Monday 12th June 2017
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New Zealand’s economy likely continued to expand in the first quarter of this year as output in the primary industries recovered and strong population growth continued to spur the services sector, helping offset weaker construction output.
The median in a Reuters poll of 11 economists forecast gross domestic product expanded 0.7 percent in the three months ended March 31 for an annual pace of 2.7 percent. The central bank is forecasting quarterly growth of 0.9 percent. New Zealand's economy grew 0.4 percent in the fourth quarter of 2016 while the annual pace was also 2.7 percent.
"Poor spring weather certainly hampered agricultural production late last year, and more favourable conditions should see that reverse," said ANZ Bank New Zealand senior economist Phil Borkin.
Westpac Banking Corp acting chief economist Michael Gordon said growth in the December quarter was hurt by a pullback in milk production in response to low dairy prices and a temporary shutdown of the Maari oil platform: “Both of these factors have since unwound, and accordingly we expect strong contributions to growth from the agriculture and mining sectors,” he said.
Both he and Borkin, however, pointed to the construction sector as weighing on growth. “The biggest weak spot for the March quarter was in the construction sector. In particular, there was a sharp drop in non-residential building, concentrated in Auckland,” said Gordon. Borkin and Gordon are forecasting quarter-on-quarter growth of 0.8 percent.
ASB Bank senior economist Jane Turner also pointed to a fall in construction activity, largely due to the “volatile and lumpy non-residential construction activity” and weak housing-related activity.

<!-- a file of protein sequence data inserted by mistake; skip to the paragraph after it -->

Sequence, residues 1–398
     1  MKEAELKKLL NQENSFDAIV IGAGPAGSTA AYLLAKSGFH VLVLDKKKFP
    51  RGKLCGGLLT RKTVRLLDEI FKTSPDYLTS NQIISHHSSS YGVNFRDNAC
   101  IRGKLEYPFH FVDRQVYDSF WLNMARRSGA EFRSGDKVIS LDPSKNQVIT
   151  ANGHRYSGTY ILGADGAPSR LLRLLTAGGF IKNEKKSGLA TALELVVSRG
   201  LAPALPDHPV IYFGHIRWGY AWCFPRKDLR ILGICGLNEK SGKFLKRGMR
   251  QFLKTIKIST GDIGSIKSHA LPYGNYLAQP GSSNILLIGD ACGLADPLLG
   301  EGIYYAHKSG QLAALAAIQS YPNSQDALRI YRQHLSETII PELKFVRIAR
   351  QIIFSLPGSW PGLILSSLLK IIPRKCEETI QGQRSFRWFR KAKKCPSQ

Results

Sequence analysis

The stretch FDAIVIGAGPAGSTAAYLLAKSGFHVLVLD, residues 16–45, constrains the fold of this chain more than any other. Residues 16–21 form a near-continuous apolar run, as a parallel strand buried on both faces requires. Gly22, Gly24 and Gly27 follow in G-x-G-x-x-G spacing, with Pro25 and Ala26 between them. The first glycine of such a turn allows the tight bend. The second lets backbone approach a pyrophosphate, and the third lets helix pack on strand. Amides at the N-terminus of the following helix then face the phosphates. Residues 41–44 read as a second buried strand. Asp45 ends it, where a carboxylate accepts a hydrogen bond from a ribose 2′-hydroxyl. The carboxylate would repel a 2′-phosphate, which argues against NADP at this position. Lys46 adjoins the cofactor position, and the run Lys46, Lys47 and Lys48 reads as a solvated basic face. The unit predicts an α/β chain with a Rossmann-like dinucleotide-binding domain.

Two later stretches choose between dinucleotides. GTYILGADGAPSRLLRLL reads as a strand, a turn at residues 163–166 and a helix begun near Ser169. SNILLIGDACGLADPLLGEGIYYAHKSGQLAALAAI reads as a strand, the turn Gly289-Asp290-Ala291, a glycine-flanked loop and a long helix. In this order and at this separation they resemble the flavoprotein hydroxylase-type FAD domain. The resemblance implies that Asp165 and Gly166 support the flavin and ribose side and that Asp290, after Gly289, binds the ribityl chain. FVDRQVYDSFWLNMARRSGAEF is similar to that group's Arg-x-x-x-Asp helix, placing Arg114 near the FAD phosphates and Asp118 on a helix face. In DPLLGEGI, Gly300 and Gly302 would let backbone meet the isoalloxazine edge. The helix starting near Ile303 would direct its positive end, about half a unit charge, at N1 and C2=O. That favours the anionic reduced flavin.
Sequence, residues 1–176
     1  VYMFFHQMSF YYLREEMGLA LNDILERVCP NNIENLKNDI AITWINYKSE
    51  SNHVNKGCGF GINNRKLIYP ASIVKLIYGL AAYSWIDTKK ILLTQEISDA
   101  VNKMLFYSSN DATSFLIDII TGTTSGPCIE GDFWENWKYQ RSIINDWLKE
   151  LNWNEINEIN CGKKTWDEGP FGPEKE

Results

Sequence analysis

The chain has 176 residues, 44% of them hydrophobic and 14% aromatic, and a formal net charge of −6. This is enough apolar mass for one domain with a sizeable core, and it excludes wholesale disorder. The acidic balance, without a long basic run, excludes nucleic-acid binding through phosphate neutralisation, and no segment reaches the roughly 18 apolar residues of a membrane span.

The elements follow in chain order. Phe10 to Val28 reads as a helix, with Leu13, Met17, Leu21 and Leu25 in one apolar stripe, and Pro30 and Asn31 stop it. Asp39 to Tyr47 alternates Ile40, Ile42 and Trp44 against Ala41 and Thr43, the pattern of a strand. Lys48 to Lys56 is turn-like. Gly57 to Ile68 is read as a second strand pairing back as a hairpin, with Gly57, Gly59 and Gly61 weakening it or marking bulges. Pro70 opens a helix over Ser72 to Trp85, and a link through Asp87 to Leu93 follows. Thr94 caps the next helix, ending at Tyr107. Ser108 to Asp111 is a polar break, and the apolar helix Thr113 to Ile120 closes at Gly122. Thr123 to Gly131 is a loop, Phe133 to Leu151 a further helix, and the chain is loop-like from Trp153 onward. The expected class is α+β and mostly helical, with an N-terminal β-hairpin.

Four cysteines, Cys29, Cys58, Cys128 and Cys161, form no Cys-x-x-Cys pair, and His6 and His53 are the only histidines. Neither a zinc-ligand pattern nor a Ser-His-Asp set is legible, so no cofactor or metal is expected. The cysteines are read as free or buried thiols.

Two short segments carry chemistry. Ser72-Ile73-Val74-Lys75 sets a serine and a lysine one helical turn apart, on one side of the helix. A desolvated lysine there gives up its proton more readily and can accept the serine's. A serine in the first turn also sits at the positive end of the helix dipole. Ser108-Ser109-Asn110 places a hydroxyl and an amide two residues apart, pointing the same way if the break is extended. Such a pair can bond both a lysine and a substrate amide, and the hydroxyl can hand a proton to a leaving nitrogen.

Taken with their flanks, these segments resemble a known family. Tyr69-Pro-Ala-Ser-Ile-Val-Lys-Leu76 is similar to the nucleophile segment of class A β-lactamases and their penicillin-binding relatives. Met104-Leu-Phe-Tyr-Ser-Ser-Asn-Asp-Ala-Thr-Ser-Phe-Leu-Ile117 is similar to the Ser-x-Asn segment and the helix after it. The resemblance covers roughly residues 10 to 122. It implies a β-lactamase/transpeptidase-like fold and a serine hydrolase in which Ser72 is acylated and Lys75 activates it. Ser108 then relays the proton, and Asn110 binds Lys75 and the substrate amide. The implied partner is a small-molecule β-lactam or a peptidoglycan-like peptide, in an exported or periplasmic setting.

Recent data showed the value of New Zealand residential building work inched higher in the March quarter but total building values fell, weighed on by a sharp fall in non-residential construction. Total building volumes fell 3.5 percent, seasonally adjusted, in the first quarter, while the value fell 2.2 percent. The total was weighed by a 6.4 percent slide in non-residential building values and a 7.2 percent drop in non-residential building volumes. Turner is tipping more muted growth of 0.5 percent.
Still, Turner said even if the first quarter growth is close to her forecast and of concern to the central bank “there is no urgency for rate hikes.” In May the central bank kept rates on hold at 1.75 percent and stuck to its forecasts that point to a rate hike in September 2019.
The Reserve Bank has plenty of time to determine how strong the economy is and “can continue to hold rates for as long as necessary to jump-start broader consumer demand and investment spending,” said Turner.
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